Hours after former FBI director James Comey testified in front of Congress on Thursday, US President Donald Trump said that “we’re under siege” but will emerge “bigger and better and stronger than ever.” Talking to his evangelical supporters at Faith and Freedom Coalition’s annual gathering, Trump said, “We will always support our evangelical community and defend your right and the right of all Americans to follow and to live by the teachings of their faith.”
“And as you know, we’re under siege, you understand that. But we will come out bigger and better and stronger than ever. You watch,” the president told more than 1,000 activists meeting at a hotel across town from Capitol Hill, the scene of Comey’s nationally televised testimony. “You fought hard for me and now I’m fighting hard for all of you,” Trump said.
Trump made no reference to James Comey in his remarks to the gathering. But hours before the president’s first public comments of the day, Comey told the Senate intelligence committee that Trump tried to get him to pledge loyalty and drop an investigation into former National Security Adviser Michael Flynn.
Trump abruptly fired Comey last month. Trump’s attorney said the president never asked Comey to stop investigating anyone.
Trump's personal attorney Marc Kasowitz read a prepared statement to reporters in response to Comey's testimony, in which he said the president had "never, in form or substance" directed Comey to stop investigating anyone.
He also labeled Comey a leaker, accusing him of "unauthorized disclosures" of "privileged communications" he'd had with the president.
Trump, who spent time meeting with Kasowitz after returning from the speech, also declined to answer shouted questions about the testimony at a panel with governors and local government leaders who had come to the White House to talk infrastructure.
Trump, said one person familiar with his thinking, felt good about the testimony, which proved him right in several cases and included the revelation that Comey had leaked information to reporters. The person spoke on condition of anonymity in order to discuss the president's thinking.
In a rare show of self-restraint, Trump stayed off Twitter Thursday as Comey testified before the Senate intelligence committee, while his eldest son, Donald Trump Jr., tweeted more than 80 times, defending his father and blasting the former FBI director.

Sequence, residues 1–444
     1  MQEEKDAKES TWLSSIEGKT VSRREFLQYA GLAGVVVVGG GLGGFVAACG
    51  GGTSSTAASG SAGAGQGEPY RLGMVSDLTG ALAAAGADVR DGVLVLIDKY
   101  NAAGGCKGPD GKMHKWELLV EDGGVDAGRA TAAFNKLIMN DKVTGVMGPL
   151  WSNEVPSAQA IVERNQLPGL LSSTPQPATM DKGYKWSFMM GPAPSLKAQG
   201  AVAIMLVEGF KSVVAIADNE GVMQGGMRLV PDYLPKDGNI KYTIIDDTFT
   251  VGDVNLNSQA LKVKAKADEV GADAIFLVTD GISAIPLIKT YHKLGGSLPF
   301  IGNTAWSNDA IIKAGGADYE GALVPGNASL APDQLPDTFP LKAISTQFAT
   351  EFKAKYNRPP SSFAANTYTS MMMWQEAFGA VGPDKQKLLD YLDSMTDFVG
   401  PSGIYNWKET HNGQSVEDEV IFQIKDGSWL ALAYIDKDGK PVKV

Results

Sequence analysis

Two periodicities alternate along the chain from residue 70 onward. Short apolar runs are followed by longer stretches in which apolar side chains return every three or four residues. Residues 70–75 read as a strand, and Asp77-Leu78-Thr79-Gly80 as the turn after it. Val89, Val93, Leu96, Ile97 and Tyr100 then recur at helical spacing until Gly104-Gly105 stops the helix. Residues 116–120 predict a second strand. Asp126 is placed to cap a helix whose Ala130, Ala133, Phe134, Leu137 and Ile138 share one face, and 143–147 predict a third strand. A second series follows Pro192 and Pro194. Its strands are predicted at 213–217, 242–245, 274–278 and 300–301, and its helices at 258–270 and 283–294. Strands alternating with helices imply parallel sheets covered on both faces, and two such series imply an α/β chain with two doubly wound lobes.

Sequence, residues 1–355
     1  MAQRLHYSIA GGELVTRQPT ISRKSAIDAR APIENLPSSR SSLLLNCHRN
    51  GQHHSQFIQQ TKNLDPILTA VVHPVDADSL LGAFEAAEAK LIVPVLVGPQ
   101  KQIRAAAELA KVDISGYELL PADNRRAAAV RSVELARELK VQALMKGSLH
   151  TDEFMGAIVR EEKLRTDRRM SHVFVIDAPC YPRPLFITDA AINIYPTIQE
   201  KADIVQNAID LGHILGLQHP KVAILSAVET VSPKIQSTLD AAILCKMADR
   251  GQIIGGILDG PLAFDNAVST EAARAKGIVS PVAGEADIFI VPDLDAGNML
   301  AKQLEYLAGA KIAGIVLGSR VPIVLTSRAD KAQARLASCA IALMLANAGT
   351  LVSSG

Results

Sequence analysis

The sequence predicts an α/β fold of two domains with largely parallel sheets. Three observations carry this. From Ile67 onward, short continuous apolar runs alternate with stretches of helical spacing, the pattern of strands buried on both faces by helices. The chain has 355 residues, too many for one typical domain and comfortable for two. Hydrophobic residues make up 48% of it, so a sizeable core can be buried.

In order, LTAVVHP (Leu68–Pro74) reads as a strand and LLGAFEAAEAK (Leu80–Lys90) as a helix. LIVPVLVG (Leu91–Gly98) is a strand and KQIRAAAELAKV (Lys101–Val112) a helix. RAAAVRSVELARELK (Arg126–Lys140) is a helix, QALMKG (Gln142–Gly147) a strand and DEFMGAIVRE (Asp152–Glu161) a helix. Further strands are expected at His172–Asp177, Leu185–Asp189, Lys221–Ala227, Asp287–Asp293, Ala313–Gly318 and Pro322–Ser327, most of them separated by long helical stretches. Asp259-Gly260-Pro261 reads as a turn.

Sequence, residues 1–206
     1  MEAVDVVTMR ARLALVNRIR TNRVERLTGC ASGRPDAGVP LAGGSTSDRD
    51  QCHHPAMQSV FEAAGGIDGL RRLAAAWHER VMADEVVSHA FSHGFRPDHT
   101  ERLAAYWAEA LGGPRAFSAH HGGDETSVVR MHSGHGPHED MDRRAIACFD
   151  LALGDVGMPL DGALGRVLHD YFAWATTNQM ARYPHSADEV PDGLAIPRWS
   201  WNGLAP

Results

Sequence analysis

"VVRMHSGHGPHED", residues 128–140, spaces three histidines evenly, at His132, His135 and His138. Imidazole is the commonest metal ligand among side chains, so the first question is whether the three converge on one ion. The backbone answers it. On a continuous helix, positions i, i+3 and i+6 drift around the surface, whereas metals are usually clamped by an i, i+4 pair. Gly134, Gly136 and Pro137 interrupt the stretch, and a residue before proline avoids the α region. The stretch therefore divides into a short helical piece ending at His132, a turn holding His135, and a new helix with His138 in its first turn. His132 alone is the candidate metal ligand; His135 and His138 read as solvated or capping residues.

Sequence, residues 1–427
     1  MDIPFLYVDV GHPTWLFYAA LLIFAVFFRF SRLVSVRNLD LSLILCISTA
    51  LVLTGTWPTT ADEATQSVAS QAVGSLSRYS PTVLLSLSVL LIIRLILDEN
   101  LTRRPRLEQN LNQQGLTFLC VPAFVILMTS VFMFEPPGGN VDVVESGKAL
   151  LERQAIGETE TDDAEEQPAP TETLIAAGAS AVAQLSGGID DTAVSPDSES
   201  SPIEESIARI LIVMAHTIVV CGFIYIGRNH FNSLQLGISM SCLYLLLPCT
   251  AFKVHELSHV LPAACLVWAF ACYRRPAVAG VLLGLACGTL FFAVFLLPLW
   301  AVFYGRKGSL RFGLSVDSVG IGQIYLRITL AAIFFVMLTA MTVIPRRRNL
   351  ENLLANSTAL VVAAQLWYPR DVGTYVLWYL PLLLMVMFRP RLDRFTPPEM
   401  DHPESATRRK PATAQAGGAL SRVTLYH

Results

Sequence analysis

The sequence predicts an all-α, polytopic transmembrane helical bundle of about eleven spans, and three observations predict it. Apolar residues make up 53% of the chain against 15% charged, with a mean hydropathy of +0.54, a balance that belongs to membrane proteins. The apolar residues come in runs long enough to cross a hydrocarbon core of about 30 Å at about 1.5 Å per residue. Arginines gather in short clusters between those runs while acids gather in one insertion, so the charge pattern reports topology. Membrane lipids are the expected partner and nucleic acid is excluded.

Trump Jr. in particular seized on Comey's assertion that he interpreted the president's statement that he "hoped" the FBI would drop its probe into former National Security Adviser Michael Flynn as an instruction.
"Knowing my father for 39 years when he 'orders or tells' you to do something there is no ambiguity, you will know exactly what he means," Trump Jr. wrote.
He also pointed to Comey's revelation that he had asked a friend to pass along to the press memos he had written documenting his interactions with Trump.
"Did I miss something or did Comey just say he asked a friend to leak information to the press?" asked Trump Jr. "Is this a joke?"
"That was fun," Trump Jr. declared at the end of the hearing. He and his brother, Eric, now run their father's business in New York.
Trump has a long history of responding to personal slights on Twitter, though his most volatile comments typically arrive in early morning and late-night hours, often when he is by himself and watching negative news coverage of his actions. Trump has been warned by lawyers to watch what he tweets because his comments could be used against him.
Staff also kept the president busy, with a series of meetings and events.
Trump spent Thursday morning meeting with his secretary of state, secretary of defense and national security adviser, discussing North Korea, the Persian Gulf region and other matters, said White House spokeswoman Sarah Huckabee Sanders. He then headed to the Faith and Freedom Coalition's annual conference, where he delivered a speech in front of a friendly crowd.
Sanders tried to downplay the significance of the dramatic testimony,.
"In terms of the mood in the White House, I would say that it's a regular Thursday at the White House. We're carrying on," she said.
In his testimony, Comey accused the president of telling "lies, plain and simple" when he claimed that the FBI was in disarray and poorly led, and that the workforce had lost confidence in its leader.
Comey also said he'd taken careful notes of his meetings because he worried the president might misrepresent them.
Sanders objected to the characterization. "I can definitively say the president's not a liar," she said.